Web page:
If you think that the dreams you have when you go to sleep are just a jumbled assortment of random thoughts and observations from your busy life, then you might want to think again.
It has been proved by countless experiments that when we are asleep, our mind and subconscious can continue to work on problems, seeking solutions for which we might have been struggling to find for some time.
Our subconscious mind is like a computer which never sleeps, whilst our physical bodies require regular periods of rest. During this physical down-time the brain conducts a little bit of housekeeping, tidying, sorting and filing away many of our everyday thoughts. It also has the capacity to tap into our innate creativity and problem solving skills, acting like a super computer to help us forward in our daily lives.
When confronted with a problem we are often advised ‘to sleep on it’ and there might indeed be occasions when we do just that. The pity of it is that most times when we awake, although we intend to remember important aspects of our dreams, life quickly gets in the way and possible clues and solutions to everyday problems disappear, just as the overnight mist is dispersed by the heat of the morning sun.
This is why some people like to keep a ‘dream journal’ by their bed, so they can jot down their recollections the minute they awake. And it is an irrefutable fact that many famous inventions and creative works of art and music came into being, inspired by dreams which were remembered in those valuable seconds upon wakening.
In 1965 during the filming in London of the movie Help, Paul McCartney, of Beatles fame, awoke from a vivid dream where he had listened to a classical string ensemble playing a beautiful piece of music. Once awake he knew that, not only had he not written it himself, but that he wished that he had, as he liked it so much.
Paul headed straight to his piano to recreate the melody which he had just heard. The tune from his dream became the bestselling chart hit Yesterday, and Paul has always maintained that the original melody was inspired by a dream.
In 1964, the famous golfer Jack Nicklaus was having a bad slump and routinely shooting in the high seventies. Almost overnight his overall performance and scorecard improved. On enquiry Jack revealed that he had dreamt of a way of improving the grasp of his golf club, resulting in a perfect and fluid swing. He replicated his dream in reality and was suddenly right back at the top of his game.
This ability to harness the power of our dreams to help us in our daily lives is not solely the preserve of the rich and famous. We all have the ability to tap into these hidden reserves to resolve problems, both large and small, in all areas of our lives.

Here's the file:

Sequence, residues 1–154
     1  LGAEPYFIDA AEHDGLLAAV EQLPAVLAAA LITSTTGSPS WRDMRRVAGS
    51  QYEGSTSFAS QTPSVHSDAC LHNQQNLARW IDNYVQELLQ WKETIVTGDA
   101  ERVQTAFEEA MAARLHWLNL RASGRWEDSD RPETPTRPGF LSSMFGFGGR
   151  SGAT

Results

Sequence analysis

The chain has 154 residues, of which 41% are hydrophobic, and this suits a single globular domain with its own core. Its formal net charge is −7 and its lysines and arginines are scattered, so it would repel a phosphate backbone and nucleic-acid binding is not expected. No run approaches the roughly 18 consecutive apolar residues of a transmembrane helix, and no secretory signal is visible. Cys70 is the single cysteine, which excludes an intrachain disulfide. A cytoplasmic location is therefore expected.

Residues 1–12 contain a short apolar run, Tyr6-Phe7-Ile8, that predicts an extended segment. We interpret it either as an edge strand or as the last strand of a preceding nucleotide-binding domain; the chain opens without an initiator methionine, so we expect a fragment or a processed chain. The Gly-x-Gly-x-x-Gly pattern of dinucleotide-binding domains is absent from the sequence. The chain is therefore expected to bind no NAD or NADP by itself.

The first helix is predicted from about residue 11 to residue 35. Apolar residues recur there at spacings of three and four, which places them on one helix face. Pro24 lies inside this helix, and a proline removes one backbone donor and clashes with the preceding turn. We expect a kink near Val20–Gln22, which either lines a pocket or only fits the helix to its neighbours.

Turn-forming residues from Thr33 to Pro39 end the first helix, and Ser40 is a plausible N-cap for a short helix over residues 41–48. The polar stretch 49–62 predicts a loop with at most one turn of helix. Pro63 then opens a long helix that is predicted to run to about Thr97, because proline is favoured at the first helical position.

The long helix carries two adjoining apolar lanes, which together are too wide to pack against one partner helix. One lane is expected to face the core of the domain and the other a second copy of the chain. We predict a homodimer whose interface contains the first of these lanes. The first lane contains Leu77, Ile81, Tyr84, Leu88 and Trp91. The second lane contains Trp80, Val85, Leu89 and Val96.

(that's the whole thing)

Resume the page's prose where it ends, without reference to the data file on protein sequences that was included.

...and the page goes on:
The first step of course is to systematically give the whole process a fair chance. The trick is to focus with laser sharp clarity on the specifics of what we are trying to resolve or achieve during the day. Write the specifics down in detail and review what you have written regularly throughout the day, and especially just before bed. This is where a dream journal comes in handy, placed nearby, to jot down our immediate thoughts and impressions the moment we open our eyes.
I can’t tell you how many times, when stumped for a solution to a problem, I have mentally handed it over to the universe to resolve just before bed. Often (but not always) I have had that forehead slapping moment as a simple solution floats into my mind in the morning.
Many of us do this as a matter of course, but some people do it more regularly and systematically and as a result achieve more benefits. In fact many people take this process one step further and achieve a ‘Lucid Dreaming state’ on a regular basis.
A lucid dream is one where we not only remember the dream details the morning after, with extra sharp clarity e.g. flying, but it is also defined as a dream where we become aware and know for certain that we are dreaming whilst still in the dream state.
We can control these ‘super aware’ dreams and control the direction the dream is taking, in a similar way to a movie director, to assist us to resolve problems and help us become more creative in our normal waking state.
If you would like to learn more about how Lucid Dreaming can help create more health, wealth and prosperity, you might be interested to take a look at a new book on the subject I have just published on Amazon’s Kindle:
It’s currently available to download for only $0.99c. It will be free this Friday 29th August and thereafter will increase in price. (Any positive reviews are of course very welcome).
Until next week – Sweet dreams!